Annular Solar Eclipse May 2012

Unfortunately I won't be in a state where I can see the annular eclipse on Sunday May 20th, but hopefully some of you will be. Not sure? Check these animated maps and if your state shows up on the maps page you will be able to see at least part of the eclipse!

So why is it called an annular eclipse? The word annular means ring and is referring to the ring of sunlight that is left around the Sun during the eclipse. You see, for these types of eclipses the Earth-Moon-Sun geometry is such that the apparent size of the Moon is not large enough to totally block out all of the Sun's disk. If you look at my previous blog post you will see that the distance between the Earth and the Moon varies, and so does the distance between the Earth and the Sun (the Earth is also in a non-circular or eccentric orbit). The distances for the May 20th 2012 eclipse are such that the size of the Moon's disk in the sky due to these relative Earth-Moon and Earth-Sun distances is not enough to block out the entire solar disk. So why don't we have some kind of a solar eclipse every month when the Sun-Moon-Earth all line up. The reason is that there is a 3rd dimension called inclination.  While the Sun-Moon-Earth may indeed form a line every month they are not always in the same plane with each other each time they form that line. The Moon is inclined to the ecliptic plane (a reference plane in our solar system) 5-degrees as compared to the Earth. That means that the Earth-Sun-Moon are only lined up in this plane twice per orbit. So the Moon always casts a shadow back towards the Earth each month when the 3 bodies line up, but that 5-degree difference in inclination causes the Moon's shadow to miss the Earth unless the Earth and Moon are at one of the two points in the orbit around the Sun (these points are called nodes) where the planes cross.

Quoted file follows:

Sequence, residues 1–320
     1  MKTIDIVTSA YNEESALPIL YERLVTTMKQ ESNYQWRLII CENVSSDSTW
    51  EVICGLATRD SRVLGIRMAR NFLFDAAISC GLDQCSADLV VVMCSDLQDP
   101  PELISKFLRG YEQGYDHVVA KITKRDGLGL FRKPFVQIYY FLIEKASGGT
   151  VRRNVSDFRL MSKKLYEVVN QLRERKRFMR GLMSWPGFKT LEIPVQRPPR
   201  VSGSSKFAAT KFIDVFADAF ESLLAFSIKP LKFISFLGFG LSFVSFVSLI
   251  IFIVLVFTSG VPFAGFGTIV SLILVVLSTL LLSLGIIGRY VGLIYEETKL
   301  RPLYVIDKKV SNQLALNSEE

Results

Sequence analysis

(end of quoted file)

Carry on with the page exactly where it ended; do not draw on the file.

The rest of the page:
So if you are lucky enough to be in a state where the eclipse is visible get out and SAFELY enjoy the view. DO NOT look at the eclipse unless you have the proper equipment. If you have no equipement at all and can't find a local astronomy club to view with, check out this NASA site for a list of safe do-it-yourself viewing methods. Even if you have nothing, at least go out and look around at the landscape during the eclipse. The very noticable darkening outside alone is worth experiencing. Enjoy!

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